'SNL's' Michael Che tries to find minorities with a game of 'Trumpemon Go' at GOP Convention

Watch SNL hosts ask random people for their Donald Trump impressions

Saturday Night Live's Michael Che introduced the new game "Trumpemon Go" on Wednesday night at the Republican National Convention.

During MSNBC's "Weekend Update" segment hosted by Che and Colin Jost, Che stood on the floor of the convention, "playing America's hottest new mobile app where you've got to catch the rarest creature of them all: minorities at the RNC."

Playing Trumpemon Go, Che walked around the convention floor trying to find black people at the GOP's event, or "as Trump would always say, let's round up some brown people."

The video even featured a cartoon version of Donald Trump with the game's "slogan": "Catch 'em all. Get 'em outta here."

Kate McKinnon also appeared during the "Weekend Update" segment, reprising her Ruth Bader Ginsburg character from SNL. Watch the Trumpemon Go segment below.

Check out more from the convention in the gallery below!

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Chaos at the Republican National Convention
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Chaos at the Republican National Convention
CLEVELAND, OH - JULY 18: Delegates protest on the floor during on the first day of the Republican National Convention on July 18, 2016 at the Quicken Loans Arena in Cleveland, Ohio. An estimated 50,000 people are expected in Cleveland, including hundreds of protesters and members of the media. The four-day Republican National Convention kicks off on July 18. (Photo by John Moore/Getty Images)
CLEVELAND, OH - JULY 18: Delegates from Texas oppose a roll call vote on the floor during on the first day of the Republican National Convention on July 18, 2016 at the Quicken Loans Arena in Cleveland, Ohio. An estimated 50,000 people are expected in Cleveland, including hundreds of protesters and members of the media. The four-day Republican National Convention kicks off on July 18. (Photo by Joe Raedle/Getty Images)
CLEVELAND, OH - JULY 18: Delegates protest on the floor during on the first day of the Republican National Convention on July 18, 2016 at the Quicken Loans Arena in Cleveland, Ohio. An estimated 50,000 people are expected in Cleveland, including hundreds of protesters and members of the media. The four-day Republican National Convention kicks off on July 18. (Photo by Win McNamee/Getty Images)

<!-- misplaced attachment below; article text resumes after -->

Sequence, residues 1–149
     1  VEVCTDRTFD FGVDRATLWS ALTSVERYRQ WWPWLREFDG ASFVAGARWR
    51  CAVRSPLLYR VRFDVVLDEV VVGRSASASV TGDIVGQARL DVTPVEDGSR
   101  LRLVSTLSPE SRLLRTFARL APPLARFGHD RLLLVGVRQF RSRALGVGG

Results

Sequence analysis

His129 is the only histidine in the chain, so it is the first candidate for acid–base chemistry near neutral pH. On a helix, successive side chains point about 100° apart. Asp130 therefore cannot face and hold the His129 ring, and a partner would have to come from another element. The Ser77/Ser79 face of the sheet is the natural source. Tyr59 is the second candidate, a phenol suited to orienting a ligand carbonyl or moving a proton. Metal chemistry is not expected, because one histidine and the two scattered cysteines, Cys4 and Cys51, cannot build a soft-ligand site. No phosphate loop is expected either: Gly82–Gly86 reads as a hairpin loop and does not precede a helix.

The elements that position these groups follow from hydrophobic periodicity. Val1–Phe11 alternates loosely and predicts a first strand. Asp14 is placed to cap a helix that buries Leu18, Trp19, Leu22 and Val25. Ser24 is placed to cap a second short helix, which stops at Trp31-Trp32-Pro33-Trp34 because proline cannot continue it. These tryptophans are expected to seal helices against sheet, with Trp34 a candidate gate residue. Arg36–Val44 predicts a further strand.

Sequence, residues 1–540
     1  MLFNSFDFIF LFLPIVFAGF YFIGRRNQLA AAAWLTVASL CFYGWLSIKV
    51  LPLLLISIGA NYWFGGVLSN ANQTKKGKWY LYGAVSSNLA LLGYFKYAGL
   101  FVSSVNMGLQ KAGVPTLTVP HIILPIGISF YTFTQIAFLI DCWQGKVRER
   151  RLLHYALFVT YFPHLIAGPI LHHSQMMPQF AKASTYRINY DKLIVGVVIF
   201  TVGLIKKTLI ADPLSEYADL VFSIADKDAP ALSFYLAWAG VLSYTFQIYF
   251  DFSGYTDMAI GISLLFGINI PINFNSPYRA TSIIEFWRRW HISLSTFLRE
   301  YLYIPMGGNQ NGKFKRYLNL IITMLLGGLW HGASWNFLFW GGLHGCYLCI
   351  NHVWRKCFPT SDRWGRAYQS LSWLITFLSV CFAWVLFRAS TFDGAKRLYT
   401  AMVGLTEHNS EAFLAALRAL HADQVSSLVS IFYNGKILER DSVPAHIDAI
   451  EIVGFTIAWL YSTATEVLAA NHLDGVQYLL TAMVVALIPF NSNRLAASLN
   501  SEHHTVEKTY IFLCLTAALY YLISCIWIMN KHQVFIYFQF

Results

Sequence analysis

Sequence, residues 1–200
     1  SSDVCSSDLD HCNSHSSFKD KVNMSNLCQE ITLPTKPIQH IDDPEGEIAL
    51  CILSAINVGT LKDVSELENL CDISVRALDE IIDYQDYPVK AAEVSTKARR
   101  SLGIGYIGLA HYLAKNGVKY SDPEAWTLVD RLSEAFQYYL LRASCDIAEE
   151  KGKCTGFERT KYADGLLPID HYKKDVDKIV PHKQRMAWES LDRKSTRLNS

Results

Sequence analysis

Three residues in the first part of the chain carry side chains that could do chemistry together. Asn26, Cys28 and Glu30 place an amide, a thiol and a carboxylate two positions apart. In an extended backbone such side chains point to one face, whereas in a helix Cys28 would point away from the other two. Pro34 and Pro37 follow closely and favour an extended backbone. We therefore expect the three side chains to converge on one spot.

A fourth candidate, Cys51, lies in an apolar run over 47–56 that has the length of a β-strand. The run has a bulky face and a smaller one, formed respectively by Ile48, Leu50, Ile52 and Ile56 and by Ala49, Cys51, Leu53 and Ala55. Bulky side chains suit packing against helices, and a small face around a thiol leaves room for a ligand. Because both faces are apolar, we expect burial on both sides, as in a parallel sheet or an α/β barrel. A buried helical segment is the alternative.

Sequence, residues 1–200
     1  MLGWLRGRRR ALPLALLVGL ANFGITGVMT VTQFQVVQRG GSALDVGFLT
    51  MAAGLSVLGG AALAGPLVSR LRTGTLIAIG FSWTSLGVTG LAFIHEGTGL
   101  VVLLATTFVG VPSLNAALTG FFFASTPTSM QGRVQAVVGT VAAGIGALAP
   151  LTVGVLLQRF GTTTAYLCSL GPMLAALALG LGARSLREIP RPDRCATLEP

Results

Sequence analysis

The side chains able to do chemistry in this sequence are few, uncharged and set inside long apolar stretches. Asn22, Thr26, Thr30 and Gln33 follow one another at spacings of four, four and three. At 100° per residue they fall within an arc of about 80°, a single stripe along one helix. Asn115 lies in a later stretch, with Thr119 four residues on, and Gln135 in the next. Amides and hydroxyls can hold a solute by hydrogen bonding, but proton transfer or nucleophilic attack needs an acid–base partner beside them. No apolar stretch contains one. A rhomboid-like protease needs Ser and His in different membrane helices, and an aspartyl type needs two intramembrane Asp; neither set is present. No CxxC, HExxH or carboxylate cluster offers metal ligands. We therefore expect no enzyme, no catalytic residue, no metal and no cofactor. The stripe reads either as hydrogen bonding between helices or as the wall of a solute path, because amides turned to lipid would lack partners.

Republican National Convention delegates yell and scream as the Republican National Committee Rules Committee announces that it will not hold a recorded vote on the Rules Committee's Report and rejects the efforts of anti-Trump forces to hold a roll-call vote, at the Republican National Convention in Cleveland, Ohio, U.S., July 18, 2016. REUTERS/Jonathan Ernst
A Donald Trump-supporting delegate cheers while holding a Trump banner as the Republican National Convention Rules Committee announces that it will not hold a recorded vote on the Rules Committee's Report and rejects the efforts of anti-Trump forces, at the Republican National Convention in Cleveland, Ohio, U.S., July 18, 2016. REUTERS/Jonathan Ernst
CLEVELAND, OH - JULY 18: Delegates protest onm the floor on the first day of the Republican National Convention on July 18, 2016 at the Quicken Loans Arena in Cleveland, Ohio. An estimated 50,000 people are expected in Cleveland, including hundreds of protesters and members of the media. The four-day Republican National Convention kicks off on July 18. (Photo by Jeff Swensen/Getty Images)